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Yesterday afternoon Climbing published a news report of three sport routes that had been bolted on top of and near Native American rock art, estimated to be 1,000 years old. We have since learned more details that shed light on the incident. While the new information does not excuse the actions of the bolter, Richard Gilbert, it is useful for understanding his actions—born out of ignorance—and can help the community prevent similar scenarios in the future.
Today’s report does have a secondary distressing thread: Though many reactions to the Climbing article were productive and forward-looking, Gilbert says he received a number of death threats. “I make an innocent mistake, and since I’m a disabled climber,a nobody, people want to kill me,” he said.
Gilbert, 36, is an Iraq War veteran. He says he suffered “a broken back, a dislocated shoulder, a busted knee, and a busted abdominal wall,” during his service. He also says he sustained a traumatic brain injury while overseas, and is the founder of Project Unity, “a blood drive aimed [at bringing] together Muslim and veteran students,” at Mesa Community College, San Diego, California.
Gilbert told Climbing that he, “would like to apologize to the local indigenous people for any disrespect or damages that have been caused by any of my actions. I would also like to apologize to the climbing community for misrepresenting and damaging the way the public views climbers. It was never my intention to cause pain to anyone and [it] was an uneducated mistake that I am dedicated and committed to making right.”
What We Know About the Petroglyph-Bolting Incident
In March, Robert Gilbert bolted three routes, about 5.3, near the Sunshine Slabs north of Utah’s Arches National Park. He posted route info on Mountain Project along with photos of the rock art that he mistakenly identified as modern-day graffiti. The caption for one of the photos read, “Graffiti-There is a good amount of graffiti on this route, PLEASE do NOT add to it!”
When Wyoming climber Darrin Reay and a group of his friends noticed the new routes this past weekend, they realized the bolted lines were directly over ancient Native American petroglyphs that Gilbert had misidentified as graffiti. Reay removed the bolts.
Reay shared his discovery with climber and guidebook author Stewart Green. Green took to Mountain Project to sound the alarm this past Sunday night. In back-and-forth exchanges in the comments sections on the routes’ pages and on Gilbert’s photos of the rock art (the route entries have since been removed from the website), Green chastised Gilbert, and Gilbert pleaded his case. Gilbert explained why he thought it was graffiti, and then acknowledged he had made a terrible mistake. When Gilbert realized his error—that it actually was rock art—he responded, “I will fix this immediately,” changed the caption on the image of the rock art to read, “Petroglyph of a man holding a spear!” and edited the route name from “Peaches” to “Peaches: do NOT climb!”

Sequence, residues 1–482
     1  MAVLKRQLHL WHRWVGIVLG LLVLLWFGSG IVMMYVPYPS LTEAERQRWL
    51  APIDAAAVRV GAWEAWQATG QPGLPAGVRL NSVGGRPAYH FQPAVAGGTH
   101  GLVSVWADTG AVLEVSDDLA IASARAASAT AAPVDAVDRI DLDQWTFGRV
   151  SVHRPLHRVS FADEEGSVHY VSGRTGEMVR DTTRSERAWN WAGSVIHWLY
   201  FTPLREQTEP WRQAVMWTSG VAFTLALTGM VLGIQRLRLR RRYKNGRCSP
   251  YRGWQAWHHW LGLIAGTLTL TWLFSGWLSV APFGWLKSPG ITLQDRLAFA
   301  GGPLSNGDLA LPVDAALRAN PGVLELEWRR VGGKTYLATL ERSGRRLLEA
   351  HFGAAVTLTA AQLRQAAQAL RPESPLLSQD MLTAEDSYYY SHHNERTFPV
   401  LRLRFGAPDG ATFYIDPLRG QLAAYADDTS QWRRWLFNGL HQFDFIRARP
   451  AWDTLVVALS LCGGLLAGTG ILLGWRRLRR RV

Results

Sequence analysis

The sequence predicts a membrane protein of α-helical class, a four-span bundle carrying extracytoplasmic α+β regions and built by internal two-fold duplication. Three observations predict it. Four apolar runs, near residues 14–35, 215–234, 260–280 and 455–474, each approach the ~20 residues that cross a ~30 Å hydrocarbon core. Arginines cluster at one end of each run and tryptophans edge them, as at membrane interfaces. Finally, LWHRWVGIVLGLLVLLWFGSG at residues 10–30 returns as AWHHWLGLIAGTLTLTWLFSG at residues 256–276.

Gilbert told Climbing that “the next morning [Monday] I drove to Moab [from his home in Colorado Springs]. I sat down with officer Cody Marsh, who had hardly any information at the time, and told him what had happened. The conversation took about an hour to an hour and a half.”
While the authorities began investigating the incident, it became a hot topic on Mountain Project and, after it was picked up by Climbing, Instagram and Facebook, too. The outcry against Gilbert’s actions was swift and overwhelming. Many comments lamented the damage to the art, and applauded Reay’s actions in pulling the bolts. “Good job on the climbers that removed the bolts,” read one comment. Others expressed anger and brandished epithets like “stupid” toward Gilbert.
It is at this point that Gilbert says he received dozens of direct messages, including many death threats. “I have responded to almost everybody who has reached out to me,” he said, “except for the death threats. I delete those immediately since there’s no reason in escalating that.”
The climbing community needs to do better, and take a more active role in protecting Native American art and cultural-heritage sites. This is not an isolated incident: other sites have been and are currently at risk as a result of climbers’ actions. Stay tuned for a follow-up article that will include members of the Utah Public Archaeology Network, Stop Archaeological Vandalism, and other professional archaeologists and land managers.
As Stewart Green told Climbing yesterday, “The key to making sure that another incident, which makes climbers look like a bad user group, doesn’t happen again is education. As climbers, we need to do a better job educating new climbers that have learned in gyms and without mentors that we need to practice a Leave No Trace ethic where we climb, and that includes respecting sacred sites, as well as historic and prehistoric cultural resources.”